Appreciate the clinic for what it is and the resources they have. Try to see from the perspective of a local. Consider the culture and the way healthcare and health in general is viewed in Africa. I think coming from a western culture and health system, we are often quick to criticize the method of the local health clinics. Who are we to judge and what makes us think that our way is the only way? It is so important to realize that the resources the local clinics have are nothing compared to the States and though the education of the health clinic workers is very limited, they make do with what they have. Their method is safe and efficient; they are able to see patients, care for them, and send them home. It is an incredibly different system of handling patients, but you have to step away and look at it from an open perspective. The vision of the clinic was to “serve with love and care” and they did just that. Observe as much as you can, step in from time to time, and help as much as you can! Also be aware that the concept of a volunteer or intern isn’t something people there are too familiar with, so we had to express to the clinicians that we wanted to try to give an IV or ask if we could watch a certain procedure. They weren’t used to offering internship-like experiences similar to the structured programs organizations and hospitals in the US regularly provide. We also brought many, many supplies for the clinic. Though we were able to use much of the supplies while we were there (especially gloves, hand sanitizer, alcohol swabs, infant onesies, blankets, and pads for mothers), some instruments were more useful than others. Other supplies we brought were a good idea in theory, but if the local clinicians didn’t normally use the item, as soon as our team leaves they will revert to using what they are comfortable with using.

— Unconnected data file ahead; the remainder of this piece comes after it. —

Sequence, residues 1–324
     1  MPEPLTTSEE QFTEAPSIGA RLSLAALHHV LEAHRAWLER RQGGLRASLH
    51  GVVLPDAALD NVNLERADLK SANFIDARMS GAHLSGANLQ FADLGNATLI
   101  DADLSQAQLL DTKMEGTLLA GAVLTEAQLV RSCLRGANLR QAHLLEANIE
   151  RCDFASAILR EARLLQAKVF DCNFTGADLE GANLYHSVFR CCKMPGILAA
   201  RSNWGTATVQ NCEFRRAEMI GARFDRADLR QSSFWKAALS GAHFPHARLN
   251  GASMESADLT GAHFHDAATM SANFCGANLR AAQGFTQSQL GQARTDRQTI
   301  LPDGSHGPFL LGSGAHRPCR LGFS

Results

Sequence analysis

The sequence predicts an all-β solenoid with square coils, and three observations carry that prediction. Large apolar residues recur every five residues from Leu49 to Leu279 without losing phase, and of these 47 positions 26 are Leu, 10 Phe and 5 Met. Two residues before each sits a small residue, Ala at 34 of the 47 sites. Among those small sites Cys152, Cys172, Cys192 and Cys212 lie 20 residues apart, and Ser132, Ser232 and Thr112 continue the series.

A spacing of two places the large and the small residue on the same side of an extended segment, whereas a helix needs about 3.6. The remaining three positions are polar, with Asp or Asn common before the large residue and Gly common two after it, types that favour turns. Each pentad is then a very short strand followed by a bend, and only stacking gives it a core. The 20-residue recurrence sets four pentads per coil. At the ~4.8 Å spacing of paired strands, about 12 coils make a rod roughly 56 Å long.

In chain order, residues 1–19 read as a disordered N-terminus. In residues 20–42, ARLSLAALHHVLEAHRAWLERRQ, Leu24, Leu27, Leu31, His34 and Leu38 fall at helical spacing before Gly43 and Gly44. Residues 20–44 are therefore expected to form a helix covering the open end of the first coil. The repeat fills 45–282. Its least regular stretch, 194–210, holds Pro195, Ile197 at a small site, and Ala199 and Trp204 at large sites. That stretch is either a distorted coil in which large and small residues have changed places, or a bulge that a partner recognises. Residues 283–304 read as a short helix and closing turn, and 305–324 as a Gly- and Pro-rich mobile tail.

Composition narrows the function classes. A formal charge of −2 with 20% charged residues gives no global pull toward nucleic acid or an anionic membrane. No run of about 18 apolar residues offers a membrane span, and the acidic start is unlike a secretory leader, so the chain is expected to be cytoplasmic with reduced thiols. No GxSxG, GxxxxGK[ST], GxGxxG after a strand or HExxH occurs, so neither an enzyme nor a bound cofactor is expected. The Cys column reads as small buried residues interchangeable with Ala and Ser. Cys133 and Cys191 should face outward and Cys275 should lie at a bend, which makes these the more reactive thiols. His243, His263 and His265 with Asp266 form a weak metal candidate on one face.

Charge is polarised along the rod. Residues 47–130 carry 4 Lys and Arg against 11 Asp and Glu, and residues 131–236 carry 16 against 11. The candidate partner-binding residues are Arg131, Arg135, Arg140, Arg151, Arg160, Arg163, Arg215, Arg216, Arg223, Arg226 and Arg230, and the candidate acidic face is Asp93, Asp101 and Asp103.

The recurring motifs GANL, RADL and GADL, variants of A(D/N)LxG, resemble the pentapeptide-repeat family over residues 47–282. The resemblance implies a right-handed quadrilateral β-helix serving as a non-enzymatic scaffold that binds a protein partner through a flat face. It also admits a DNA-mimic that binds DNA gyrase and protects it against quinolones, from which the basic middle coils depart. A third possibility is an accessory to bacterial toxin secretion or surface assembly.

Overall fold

Was there a need greater than medical concerns?

There is and always will be a need greater than medical. Patients needed education, needed emotional support, and basic knowledge of health. Some of these items were provided at the clinic for HIV patients and pregnant mothers. Group sessions were provided for HIV patients and a peer mother educating program for pregnant mothers that educated mothers about prenatal care. Many times we wished we could interact with patients one-on-one, but the majority of patients did not speak english which made it difficult to communicate. We compromised and offered our smiles or sat beside them to hold their hands.

Did you form relationships with the people you served?

The local clinicians were the nicest and most welcoming people! I really got to know them and developed a very special bond with them. One of the most meaningful parts of my time in Uganda was interacting with the local people every day on our walk home from the clinic. Everybody was so happy. They would point to us and kids would jump up and down and run towards us. They were filled with awe and were so happy to see us. We made friends on our journeys home and sang and danced with them. Children with no shoes and hands sticky from mangos would join us hand-in-hand. We would walk until we told them that they should go home as our lodging was too far away. They had the biggest smiles and most joy-filled hearts. It always struck me with how content they seemed with their simple lives. It was truly truly humbling. Every day when we would come home from the clinic, the children would be at the gate peering in and shouting our names to come out and play. Some days we were too tired, but they would stand out at the gate for hours – even in the rain. They wanted to know about our lives in America and we wanted to know about them. They taught us rutooro (the local language) and would quiz us every day. They brought us mangos as gifts and hugged us, jumped on us, and begged us to stay out for just a little longer every day. They loved us from the day we got there and we loved them unconditionally. I could go on and on, but the relationships built with the local people and the children were by far the best part of my entire trip.

Unsung, is a feature MDF proudly brings to the MDF community highlighting the incredible MDF’ers who are truly #CraftingWellness. We hope to inspire, encourage, and connect humanity by sharing the stories from the thousands of anonymous individuals whose imprint can be seen in the lives of countless others.